Then there are all those who are famous in their own lunchtime and need to feed their own self serving frenzy, Sara Palin included. Picking up on their self serving twaddle without checking is OK event by the first ammendment purists.

    Get a grip fella’s. BM, if idiots are prepared to pay you take it… you won’t keep anything about your part in the underhand quiet for long, who knows you might be able to start a whole new Division – digital disinformation inc. What we really need in a free information society is some real competition so Edelman, H&K, et al go to it.

    In a pre-digital world Auberon Waugh said that the best thing about tabloid media, the yellow press was that you could suspend belief at the veracity of the content and just enjoy the writing. Let’s treat bogs tweets and Wikkis in the same way. Who knows it might improve the quality of the writing.

  4. Paul Seaman says:

    Peter, thanks. I agree with you about the challenges of social media, and also about the importance competition.

    As I see it, BM were arguably inept, clumsy and unlucky, rather than unethical. I also think that the fuss this has all caused will make it harder rather than easier to talk honestly about the real-world realities of PR…but it will also act as a lesson to PRs to be more street-wise.

  5. [...] Seaman – When “friends” fallout over “dirty tricks” May 16th, 2011 | Category: CIPR, Ethics, Journalism, Media, PRCA, Public Relations blog [...]

  6. [...] Facebook/Buston-Marsteller smear campaign story. Some people disagreed vehemently, others (more) agreed wholeheartedly. Thankfully, no-one sat on the [...]

  7. Steve Earl says:

    Thanks Paul.

    The biggest challenge an enhanced, standardised, modern and potentially effective code of conduct would have is actually getting any PR people to read it. And then understand and adhere to it. It would be great to see it happen. And policed. And never abused. And never exploited in the pursuit of mining grey areas.

    Unlikely though. Where there is commercial competition there will always be reptuational conflict, and there will always be PRs willing to take risks to get ahead. We just all need to be clear on where the draw the line.

  8. Paul Seaman says:

    Steve, I’m minded to agree with you. Codes of practice are often hostages to fortune.

    BM got trapped by their own code of conduct which left them no wriggle room. As it stands, if I had one billion dollars to donate to charity and wanted to give it anonymously to a good cause and to pay Burson Marsteller to promote how the money was spent, they’d have to turn down the work. Or they would have to break their own code (again). In my view, transparency is a much over-used word. Yes, we have to decide where to draw the line, and we have to be able to defend our actions when challenged.

  9. Gavino says:

    “BM were arguably inept, clumsy and unlucky, rather than unethical.” Paul, surely it must be unethical for BM to break an ethical code, especially its own. Sure, on another level they did what many other PR firms would have done, but that doesn’t make it any less ethical. Also, let’s be honest. The code exists primarily as a marketing tool – it is there to help them get business. Now this tool is of little or no value. So they have shot themselves in the foot big time. Inept, yes. They might have advised their client that this approach was high risk, given that it would focus government regulators on their own business. As one columnist wrote, it is like Ford arguing that GM should be more heavily regulated. That is only going to backfire and get them both caught up in the regulator’s net. I wonder if a more ethically focused PR firm turned down the account first, or proposed a different and more ethical approach. And I wonder how much BM got paid for this. It all goes to show that ineptitude resides at the top of BM and in the dynamic rapid growth sectors of the economy. They are not as smart as they think they are…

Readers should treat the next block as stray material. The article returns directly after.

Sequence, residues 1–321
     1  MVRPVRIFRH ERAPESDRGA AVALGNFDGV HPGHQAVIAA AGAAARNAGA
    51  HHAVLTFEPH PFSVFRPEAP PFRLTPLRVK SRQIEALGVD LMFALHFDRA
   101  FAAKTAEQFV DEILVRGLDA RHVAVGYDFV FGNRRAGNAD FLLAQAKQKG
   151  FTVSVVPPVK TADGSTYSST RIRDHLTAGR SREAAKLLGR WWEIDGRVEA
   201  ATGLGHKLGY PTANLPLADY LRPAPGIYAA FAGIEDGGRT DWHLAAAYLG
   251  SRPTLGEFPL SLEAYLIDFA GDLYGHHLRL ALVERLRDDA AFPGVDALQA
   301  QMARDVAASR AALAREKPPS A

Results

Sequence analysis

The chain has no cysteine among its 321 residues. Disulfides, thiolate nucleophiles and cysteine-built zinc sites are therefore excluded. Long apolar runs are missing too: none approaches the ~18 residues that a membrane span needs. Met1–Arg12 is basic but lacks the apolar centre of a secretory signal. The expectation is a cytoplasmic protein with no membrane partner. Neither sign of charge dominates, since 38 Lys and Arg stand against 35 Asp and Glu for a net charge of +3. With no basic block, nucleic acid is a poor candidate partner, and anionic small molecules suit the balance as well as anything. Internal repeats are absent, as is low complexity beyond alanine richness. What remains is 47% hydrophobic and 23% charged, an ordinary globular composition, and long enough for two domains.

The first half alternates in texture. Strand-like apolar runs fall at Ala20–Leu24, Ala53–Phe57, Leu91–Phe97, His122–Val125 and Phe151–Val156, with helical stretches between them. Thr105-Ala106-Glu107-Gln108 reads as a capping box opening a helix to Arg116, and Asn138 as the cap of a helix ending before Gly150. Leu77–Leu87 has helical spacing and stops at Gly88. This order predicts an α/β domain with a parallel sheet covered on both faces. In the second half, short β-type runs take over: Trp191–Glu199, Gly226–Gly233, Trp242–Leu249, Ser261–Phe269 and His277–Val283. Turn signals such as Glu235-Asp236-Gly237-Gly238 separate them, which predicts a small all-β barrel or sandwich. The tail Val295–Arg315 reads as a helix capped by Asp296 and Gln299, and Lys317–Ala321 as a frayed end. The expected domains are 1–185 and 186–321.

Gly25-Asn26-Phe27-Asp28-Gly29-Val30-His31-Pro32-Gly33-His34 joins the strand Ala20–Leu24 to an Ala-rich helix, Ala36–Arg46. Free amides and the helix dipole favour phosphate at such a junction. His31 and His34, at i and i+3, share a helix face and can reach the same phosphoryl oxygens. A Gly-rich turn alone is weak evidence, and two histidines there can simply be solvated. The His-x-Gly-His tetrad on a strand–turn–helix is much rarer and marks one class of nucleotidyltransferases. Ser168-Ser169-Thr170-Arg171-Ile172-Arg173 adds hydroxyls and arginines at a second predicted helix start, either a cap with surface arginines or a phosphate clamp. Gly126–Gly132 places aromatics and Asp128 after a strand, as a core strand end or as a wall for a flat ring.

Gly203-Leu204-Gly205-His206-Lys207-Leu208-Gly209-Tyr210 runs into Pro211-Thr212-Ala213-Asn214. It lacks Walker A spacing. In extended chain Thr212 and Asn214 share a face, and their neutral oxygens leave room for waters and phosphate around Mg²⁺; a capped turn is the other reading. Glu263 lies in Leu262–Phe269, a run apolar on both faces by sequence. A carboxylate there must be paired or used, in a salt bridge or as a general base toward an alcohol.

10. Paul Seaman says:

    Gavino, your challenge to me about Burson Marsteller’s ethical position is well put. Having adopted the code, breaking it was unethical. Your point is accepted. However, when I was talking about ethics I was saying that there’s nothing whatsoever unethical in principle about withholding a client’s identity. Sure, Burson Marsteller is hoisted on its own petard, and that’s their problem. I agree also that there were better ways of tackling their brief from Facebook than seemed to have occurred to the BM executives, who I guess had little experience of tackling controversial issues.

    If BM had more guts it would ditch the marketing flannel (and its useless code, which is a straightjacket) and defend its consultants and its reputation robustly. But instead it has retreated behind apologize, reform and move on (ARM PR) barriers and become advocates of cringe in the process. In short, it appears to agree with its critics, at least in public, and has left itself almost without a defence. That’s not smart PR, for sure.

  11. Gavino says:

    Yes, and it has always struck me that these PR giants are flimsy houses of cards. They can charge their bloated prices for what they pitch as sophisticated PR strategies only so long as their reputations are intact. They rely almost completely on human capital as their chief asset. If the people at the top are this bad, what does it say about the firm as a whole…?

  12. [...] itself or good for business or both. I am interested in the merits of that sort of scheme. (See: When “friends” fallout over “dirty tricks”.) But I also admire the PR firms that say they don’t want to be part of the public [...]